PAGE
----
In 1874, the little heard of physicist George Johnstone Stoney dreamed of devising a new universal measuring system based on Nature itself. A century later his system, with a minor modification from Max Planck, would perfectly describe some of the most basic properties of the smallest possible black hole. Moreover, there’s a mysterious, compelling relationship between Stoney’s unit of length and the fundamental unit of information – the binary digit, better known as the bit.
Stoney’s dream fits a scientific pattern: as knowledge has increased, scientists have tended to take a less Earth-centered view of the universe. For Stoney, this included ditching the familiar Earth-centered measuring units:
- a kilogram – the mass of a liter of water
- a meter – one ten-millionth of the distance from Earth’s North Pole to the Equator
- a second – 1⁄86400 of an Earth day
Presumably alien civilizations – if any exist – will use entirely different everyday units for mass/length/time.
George Johnstone Stoney asked if universal units existed – and he found they did.
Stoney discussed his findings at the British Association for the Advancement of Science in 1874 and published them in 1881. He based his new units on three indispensable universal physical constants:
- the speed of light
- the unit of electric charge derived from Faraday’s law
- the gravitational constant
The Planck Scale
Following in Stoney’s footsteps, Max Planck produced his own universal constants in 1899, identical to Stoney’s except Planck used his own Planck constant in place of electric charge. The effect of this was relatively small – Stoney’s units and Planck’s differ by a factor of √137.
In Planck’s natural units the speed of light, the Planck constant, and the gravitational constant all have a value of 1. Here’s how his units compare to our everyday units:
The Planck Mass
One unit of Planck mass is small – about 10 micrograms – the weight of an eyelash.
The Planck Length
One unit of Planck length is about 10-33 cm. You can get some idea of this size by considering that the same number of Planck lengths would fit inside a proton’s diameter as Earth diameters would fit inside the observable universe. The Planck length measures an almost shockingly small scale, but as we’ll soon see, it’s a scale that seems to have real physical meaning.
The Planck Time
If the Planck length seems shockingly small, the Planck time takes the cake. One unit of Planck time is about 5 x 10-44 s – it’s the time light takes to travel the Planck length.
Measuring a Black Hole
The mass inside any black hole, no matter how massive, takes up even less space than the Planck length. It has no size at all. A black hole’s entire mass is crushed utterly by gravity so that it occupies a volume of precisely zero. It becomes a geometrical point with infinite density known as a singularity.
We can’t see a singularity because the enormously powerful gravitational field it creates around it traps light in its vicinity as far out as a boundary known as the event horizon – hence the ‘blackness’ of the black hole. No light within the horizon can escape, so we can never look inside it.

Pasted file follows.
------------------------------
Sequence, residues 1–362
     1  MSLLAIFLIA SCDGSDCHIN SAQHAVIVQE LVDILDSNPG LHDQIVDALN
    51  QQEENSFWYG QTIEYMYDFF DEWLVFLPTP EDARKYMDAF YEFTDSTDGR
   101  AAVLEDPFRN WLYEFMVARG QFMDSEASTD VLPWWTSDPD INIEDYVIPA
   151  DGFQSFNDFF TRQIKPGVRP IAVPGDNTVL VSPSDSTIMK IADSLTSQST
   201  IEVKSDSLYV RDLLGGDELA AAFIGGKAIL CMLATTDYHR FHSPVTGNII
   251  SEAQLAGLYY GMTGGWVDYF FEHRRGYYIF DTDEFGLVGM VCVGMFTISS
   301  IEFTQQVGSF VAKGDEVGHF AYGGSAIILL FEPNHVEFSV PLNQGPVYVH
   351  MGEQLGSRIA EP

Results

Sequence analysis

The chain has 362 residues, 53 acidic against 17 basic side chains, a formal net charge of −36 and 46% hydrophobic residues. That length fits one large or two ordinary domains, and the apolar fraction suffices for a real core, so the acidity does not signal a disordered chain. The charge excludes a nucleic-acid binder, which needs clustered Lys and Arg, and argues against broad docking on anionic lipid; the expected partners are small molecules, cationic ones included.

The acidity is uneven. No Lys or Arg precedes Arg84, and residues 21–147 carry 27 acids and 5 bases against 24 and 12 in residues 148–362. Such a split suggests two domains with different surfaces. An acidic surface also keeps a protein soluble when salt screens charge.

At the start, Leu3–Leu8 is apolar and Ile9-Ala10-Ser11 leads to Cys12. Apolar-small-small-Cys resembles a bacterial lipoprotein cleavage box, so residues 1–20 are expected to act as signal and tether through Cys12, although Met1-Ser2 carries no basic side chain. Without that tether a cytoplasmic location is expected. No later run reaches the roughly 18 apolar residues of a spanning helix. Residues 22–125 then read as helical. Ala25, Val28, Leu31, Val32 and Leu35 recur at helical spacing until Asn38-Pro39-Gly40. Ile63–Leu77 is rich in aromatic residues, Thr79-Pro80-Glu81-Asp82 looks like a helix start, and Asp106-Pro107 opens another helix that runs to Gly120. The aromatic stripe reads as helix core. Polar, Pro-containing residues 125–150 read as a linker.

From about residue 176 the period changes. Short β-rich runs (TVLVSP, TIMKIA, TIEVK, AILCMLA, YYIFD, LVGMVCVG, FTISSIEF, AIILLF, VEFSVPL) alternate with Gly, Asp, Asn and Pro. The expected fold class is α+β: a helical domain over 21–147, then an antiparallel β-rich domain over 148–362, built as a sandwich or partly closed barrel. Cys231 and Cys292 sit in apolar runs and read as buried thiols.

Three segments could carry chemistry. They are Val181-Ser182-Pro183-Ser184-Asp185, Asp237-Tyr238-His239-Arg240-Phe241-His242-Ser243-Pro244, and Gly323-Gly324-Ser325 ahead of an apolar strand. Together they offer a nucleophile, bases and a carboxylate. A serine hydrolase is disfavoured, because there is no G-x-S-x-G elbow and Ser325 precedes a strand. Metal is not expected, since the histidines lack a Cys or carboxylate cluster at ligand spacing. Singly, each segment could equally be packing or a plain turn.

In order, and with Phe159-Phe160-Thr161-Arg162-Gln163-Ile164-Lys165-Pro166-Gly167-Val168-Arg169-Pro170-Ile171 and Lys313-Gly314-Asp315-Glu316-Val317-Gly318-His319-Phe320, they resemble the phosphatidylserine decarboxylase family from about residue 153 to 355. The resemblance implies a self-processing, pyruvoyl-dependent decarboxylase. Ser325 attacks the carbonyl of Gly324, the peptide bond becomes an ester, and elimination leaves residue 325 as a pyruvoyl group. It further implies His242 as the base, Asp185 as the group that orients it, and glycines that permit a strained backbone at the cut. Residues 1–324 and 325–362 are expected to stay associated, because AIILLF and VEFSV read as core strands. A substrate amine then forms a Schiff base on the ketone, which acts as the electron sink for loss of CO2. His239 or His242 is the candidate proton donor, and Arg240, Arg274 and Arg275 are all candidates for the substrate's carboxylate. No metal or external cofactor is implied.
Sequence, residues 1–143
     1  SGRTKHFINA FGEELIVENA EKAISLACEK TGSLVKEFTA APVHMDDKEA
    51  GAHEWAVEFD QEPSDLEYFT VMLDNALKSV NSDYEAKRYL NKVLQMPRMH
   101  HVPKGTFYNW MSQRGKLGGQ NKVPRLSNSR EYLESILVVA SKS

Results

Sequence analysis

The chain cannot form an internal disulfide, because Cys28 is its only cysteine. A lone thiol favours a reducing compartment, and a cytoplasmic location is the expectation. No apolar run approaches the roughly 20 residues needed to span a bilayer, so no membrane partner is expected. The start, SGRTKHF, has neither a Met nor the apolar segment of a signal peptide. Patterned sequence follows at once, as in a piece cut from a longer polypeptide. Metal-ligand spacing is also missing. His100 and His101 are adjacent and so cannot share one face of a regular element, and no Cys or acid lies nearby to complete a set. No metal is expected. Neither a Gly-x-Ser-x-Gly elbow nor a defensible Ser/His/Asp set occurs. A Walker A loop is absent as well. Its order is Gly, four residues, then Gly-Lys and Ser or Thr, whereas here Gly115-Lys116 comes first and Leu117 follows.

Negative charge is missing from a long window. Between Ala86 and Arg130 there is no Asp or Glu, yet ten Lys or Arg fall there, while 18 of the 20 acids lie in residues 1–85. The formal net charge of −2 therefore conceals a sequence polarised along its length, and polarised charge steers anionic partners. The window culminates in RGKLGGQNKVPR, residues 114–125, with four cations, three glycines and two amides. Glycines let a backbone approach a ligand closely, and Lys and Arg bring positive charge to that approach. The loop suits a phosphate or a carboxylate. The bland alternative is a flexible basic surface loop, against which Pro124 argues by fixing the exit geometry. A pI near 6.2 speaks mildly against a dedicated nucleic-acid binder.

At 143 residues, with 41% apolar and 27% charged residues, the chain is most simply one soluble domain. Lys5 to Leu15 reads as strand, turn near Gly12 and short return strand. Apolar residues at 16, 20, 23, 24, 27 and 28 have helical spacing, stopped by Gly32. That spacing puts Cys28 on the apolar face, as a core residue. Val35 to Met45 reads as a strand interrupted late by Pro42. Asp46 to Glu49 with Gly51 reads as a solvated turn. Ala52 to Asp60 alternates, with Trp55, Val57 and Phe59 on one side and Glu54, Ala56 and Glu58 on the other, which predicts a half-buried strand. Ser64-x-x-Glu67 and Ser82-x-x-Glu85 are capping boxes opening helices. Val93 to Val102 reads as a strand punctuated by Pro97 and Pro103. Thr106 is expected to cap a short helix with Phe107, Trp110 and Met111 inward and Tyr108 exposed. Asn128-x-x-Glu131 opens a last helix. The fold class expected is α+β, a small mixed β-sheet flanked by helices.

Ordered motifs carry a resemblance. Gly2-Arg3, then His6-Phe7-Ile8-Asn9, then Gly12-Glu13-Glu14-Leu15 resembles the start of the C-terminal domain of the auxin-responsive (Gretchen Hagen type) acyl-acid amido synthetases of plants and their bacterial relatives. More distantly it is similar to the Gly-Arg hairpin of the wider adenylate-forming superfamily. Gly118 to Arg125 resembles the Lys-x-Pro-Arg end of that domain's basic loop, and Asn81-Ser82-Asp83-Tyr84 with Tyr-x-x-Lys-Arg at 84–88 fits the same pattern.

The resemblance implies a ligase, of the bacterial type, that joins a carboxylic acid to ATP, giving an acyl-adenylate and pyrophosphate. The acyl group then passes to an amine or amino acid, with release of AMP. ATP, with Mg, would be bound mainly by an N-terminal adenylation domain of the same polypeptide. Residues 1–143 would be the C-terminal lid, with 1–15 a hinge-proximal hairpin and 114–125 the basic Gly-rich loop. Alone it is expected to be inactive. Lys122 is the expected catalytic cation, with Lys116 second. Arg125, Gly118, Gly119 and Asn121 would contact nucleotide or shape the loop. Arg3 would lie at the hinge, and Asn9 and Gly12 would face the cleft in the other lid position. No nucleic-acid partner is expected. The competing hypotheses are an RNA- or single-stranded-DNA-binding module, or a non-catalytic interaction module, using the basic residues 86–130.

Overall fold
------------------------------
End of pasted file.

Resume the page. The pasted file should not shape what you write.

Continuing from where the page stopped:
If Earth were crushed to form a black hole, the distance from the singularity to the event horizon – the Schwarzschild radius – would be just under one centimeter. If the sun’s mass were crushed the radius would be about 3.0 km. The supermassive black hole believed to lurk at the center of our galaxy is about 4 million times the mass of our sun. It’s Schwarzschild radius is about 3 billion km – similar to the Sun-Uranus distance in our solar system.
A Remarkable Discovery
In 1972, Jacob Bekenstein published a paper whose findings are now mainstream science. Bekenstein calculated the effect of adding 1 bit of information to a black hole – any black hole of any size. His calculation revealed something truly remarkable.
Bekenstein found that when a black hole takes in a single elementary particle containing 1 bit of information the area of the event horizon increases by 10-66 cm2 – in other words, 1 square Planck length. Don’t worry too much about how a photon could be described as a bit of information – we see things only because photons carry information to our eyes.
The Universe Creates Complexity from Information
A century after Stoney produced the first universal scale, Bekenstein showed that a natural unit scale really does measure something rather profound. His discovery that the Planck area is the smallest area that can accommodate one bit of information suggests a deep link between the structure of the universe and information, which physicists are now busily exploring.
Some, such as Seth Lloyd, believe the universe itself acts as a quantum computer processing information to produce the complexity we see around us.
Gravitationally collapsed objects of very low mass
Monthly Notices of the Royal Astronomical Society, Vol. 152, p. 75. 1971
John D. Barrow and Frank J. Tipler
The Anthropic Cosmological Principle
Oxford University Press. March 1986
Programming the Universe
Alfred A. Knopf, 2006
The Black Hole War: My Battle with Stephen Hawking to Make the World Safe for Quantum Mechanics
Little, Brown and Company. July 2008